Interestingly, notwithstanding these risks, some sellers and buyers today are agreeing to wrap transactions.  In the balance, it would seem that sellers are at greater risk than buyers, since it will be their credit, and possibly their tax liability that could be affected, should the buyer default.

For Realtors® whose seller-clients are consider this option, “caution” is the watchword.  In all cases, both parties should always be encouraged to secure independent and competent legal counsel familiar with these issues.  Also, Oregon Realtors® should check with their managing brokers to determine company policy.  Due to the several risks inherent in wrap transactions, some companies may simply forbid their brokers to become involved.

By now, most Realtors® have heard the rumblings about defective bank foreclosures in Oregon and elsewhere.  What you may not have heard is that these flawed foreclosures can result in potential title problems down the road.

[1] They are also known as an “all-inclusive contracts” or “all-inclusive trust deeds”.

[2] There are technical differences between the two, but the practical difference is the method and effect of foreclosure.  The land sale contract would permit a deficiency judgment, while a trust deed would not if it was a “residential trust deed” (regardless of the method of foreclosure) under ORS 86.705(5).  If it was not a “residential trust deed” but was foreclosed non-judicially, there could not be a deficiency judgment or risk of lingering personal liability because the effect of a non-judicial sale is the extinguishment of the promissory note.  (See, ORS 86.770.)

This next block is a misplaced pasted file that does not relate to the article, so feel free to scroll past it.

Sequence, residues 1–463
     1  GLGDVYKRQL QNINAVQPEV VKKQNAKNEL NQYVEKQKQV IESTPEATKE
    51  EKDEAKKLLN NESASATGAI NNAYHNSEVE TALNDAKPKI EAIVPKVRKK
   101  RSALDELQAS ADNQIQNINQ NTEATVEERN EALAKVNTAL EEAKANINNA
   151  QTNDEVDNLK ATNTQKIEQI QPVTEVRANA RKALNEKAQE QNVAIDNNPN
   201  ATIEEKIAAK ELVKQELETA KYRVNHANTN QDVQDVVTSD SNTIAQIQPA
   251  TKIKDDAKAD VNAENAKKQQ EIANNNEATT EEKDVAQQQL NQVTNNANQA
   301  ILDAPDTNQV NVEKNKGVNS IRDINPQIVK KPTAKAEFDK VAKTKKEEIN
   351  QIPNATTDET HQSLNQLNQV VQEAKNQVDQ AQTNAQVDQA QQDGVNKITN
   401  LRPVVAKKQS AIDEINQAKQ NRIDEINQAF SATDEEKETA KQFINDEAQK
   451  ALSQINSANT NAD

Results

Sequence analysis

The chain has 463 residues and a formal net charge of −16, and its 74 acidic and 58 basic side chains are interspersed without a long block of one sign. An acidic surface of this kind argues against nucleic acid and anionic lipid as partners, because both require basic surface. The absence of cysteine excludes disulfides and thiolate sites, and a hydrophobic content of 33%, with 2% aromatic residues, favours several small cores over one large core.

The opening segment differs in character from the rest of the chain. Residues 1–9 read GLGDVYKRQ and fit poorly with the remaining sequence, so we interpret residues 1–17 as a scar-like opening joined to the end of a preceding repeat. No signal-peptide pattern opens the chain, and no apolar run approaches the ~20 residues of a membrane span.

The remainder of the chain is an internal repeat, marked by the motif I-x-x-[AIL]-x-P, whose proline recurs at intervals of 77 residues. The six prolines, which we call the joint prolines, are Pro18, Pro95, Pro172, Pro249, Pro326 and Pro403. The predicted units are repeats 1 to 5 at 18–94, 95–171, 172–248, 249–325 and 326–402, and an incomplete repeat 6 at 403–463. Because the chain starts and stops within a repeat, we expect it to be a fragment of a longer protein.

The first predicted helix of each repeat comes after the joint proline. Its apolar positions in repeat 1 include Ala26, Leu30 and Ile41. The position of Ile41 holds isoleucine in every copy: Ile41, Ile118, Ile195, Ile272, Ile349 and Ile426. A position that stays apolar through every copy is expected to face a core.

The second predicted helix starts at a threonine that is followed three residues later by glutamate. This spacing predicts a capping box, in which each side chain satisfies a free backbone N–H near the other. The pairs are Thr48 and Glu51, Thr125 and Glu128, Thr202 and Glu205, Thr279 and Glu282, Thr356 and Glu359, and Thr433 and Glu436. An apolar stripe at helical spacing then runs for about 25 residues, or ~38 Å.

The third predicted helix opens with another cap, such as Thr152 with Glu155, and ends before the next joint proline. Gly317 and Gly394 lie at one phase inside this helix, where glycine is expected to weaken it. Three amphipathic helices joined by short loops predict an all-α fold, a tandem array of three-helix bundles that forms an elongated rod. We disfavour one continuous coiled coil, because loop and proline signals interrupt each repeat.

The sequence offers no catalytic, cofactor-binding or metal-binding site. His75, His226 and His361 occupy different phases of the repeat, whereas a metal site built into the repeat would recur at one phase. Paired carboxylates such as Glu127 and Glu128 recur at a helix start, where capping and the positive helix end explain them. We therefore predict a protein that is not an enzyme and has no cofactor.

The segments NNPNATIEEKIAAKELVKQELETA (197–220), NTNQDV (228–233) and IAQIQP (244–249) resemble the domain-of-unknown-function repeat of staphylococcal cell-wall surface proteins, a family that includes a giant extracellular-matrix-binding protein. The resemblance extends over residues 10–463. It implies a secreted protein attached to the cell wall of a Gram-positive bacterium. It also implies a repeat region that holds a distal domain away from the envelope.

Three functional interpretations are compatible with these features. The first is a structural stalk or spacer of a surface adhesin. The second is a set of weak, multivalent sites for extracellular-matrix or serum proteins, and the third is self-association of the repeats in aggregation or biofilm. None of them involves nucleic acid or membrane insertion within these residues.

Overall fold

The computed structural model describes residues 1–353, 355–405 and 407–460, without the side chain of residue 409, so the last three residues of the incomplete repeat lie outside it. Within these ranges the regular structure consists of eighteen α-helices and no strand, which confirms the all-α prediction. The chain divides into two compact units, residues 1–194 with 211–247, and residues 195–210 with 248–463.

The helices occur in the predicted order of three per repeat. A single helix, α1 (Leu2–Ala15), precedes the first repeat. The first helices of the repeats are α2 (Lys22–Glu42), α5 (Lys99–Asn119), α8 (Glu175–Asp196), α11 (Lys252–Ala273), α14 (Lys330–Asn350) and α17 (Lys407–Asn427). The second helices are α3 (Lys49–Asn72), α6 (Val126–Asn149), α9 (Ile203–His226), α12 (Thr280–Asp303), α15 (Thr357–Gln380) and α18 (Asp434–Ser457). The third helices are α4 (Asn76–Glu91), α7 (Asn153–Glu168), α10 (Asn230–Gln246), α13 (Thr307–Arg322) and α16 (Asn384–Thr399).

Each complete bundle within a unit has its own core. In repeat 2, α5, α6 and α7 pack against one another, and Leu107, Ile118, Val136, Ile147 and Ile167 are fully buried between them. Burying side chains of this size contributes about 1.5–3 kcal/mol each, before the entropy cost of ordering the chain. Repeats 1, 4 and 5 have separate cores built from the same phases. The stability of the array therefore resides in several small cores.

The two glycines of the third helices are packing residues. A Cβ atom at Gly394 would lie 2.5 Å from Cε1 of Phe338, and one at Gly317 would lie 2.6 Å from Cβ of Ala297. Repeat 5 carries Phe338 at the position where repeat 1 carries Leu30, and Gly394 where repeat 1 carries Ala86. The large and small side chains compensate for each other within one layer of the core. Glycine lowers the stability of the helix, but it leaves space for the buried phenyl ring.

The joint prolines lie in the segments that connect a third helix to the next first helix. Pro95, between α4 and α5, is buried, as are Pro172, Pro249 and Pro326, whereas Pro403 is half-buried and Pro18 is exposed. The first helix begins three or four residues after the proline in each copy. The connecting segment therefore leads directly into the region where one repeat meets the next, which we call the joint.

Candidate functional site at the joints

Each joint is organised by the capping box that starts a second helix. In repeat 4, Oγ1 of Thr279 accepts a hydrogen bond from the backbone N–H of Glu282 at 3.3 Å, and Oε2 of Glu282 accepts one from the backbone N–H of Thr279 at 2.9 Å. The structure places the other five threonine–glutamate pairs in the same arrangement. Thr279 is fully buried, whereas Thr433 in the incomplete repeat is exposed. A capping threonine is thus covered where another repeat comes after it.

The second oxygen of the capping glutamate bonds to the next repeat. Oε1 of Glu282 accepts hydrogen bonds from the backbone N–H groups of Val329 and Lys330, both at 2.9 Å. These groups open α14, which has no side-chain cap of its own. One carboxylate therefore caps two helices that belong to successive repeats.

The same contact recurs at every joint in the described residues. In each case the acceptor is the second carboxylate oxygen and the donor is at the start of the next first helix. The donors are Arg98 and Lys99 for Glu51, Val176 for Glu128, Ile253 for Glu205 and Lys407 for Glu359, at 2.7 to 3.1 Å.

[3] Most banks have their hands full foreclosing non-performing loans.  Would they foreclose a performing loan today, just because the home was sold?  Who knows?

[4] That is, they are able to take advantage of the spread between monthly payments received from the buyers versus the monthly payments made to the bank – as well as the difference in the yield between 6.5% on $450,000 and 5.5% on $350,000.

[5] Remember, they have their $100,000 at risk.

 

Posted in Financial Crisis, Foreclosure, Market Conditions, Miscellany, Real Estate/Distressed, Realtors | Tagged , , , , , , ,
  • Categories

  • Archives